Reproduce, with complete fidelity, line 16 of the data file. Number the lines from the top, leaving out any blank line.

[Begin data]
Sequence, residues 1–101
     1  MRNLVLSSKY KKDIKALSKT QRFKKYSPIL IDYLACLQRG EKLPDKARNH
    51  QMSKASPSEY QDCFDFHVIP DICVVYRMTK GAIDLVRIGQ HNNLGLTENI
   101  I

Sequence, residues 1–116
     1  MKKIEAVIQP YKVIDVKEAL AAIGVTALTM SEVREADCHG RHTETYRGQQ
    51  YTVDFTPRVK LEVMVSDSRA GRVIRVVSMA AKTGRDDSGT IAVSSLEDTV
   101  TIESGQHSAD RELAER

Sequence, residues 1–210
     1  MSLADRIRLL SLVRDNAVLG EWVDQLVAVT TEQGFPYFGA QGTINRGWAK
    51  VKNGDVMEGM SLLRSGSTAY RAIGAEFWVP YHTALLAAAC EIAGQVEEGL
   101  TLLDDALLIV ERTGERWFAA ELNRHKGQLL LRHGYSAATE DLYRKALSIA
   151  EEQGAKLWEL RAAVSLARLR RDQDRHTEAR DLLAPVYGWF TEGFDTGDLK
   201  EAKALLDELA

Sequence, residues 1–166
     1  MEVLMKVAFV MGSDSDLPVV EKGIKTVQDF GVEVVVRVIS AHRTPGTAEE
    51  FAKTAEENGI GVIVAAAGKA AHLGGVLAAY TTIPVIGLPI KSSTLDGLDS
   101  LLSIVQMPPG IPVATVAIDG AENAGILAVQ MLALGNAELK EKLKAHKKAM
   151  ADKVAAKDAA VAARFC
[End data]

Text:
     1  MEVLMKVAFV MGSDSDLPVV EKGIKTVQDF GVEVVVRVIS AHRTPGTAEE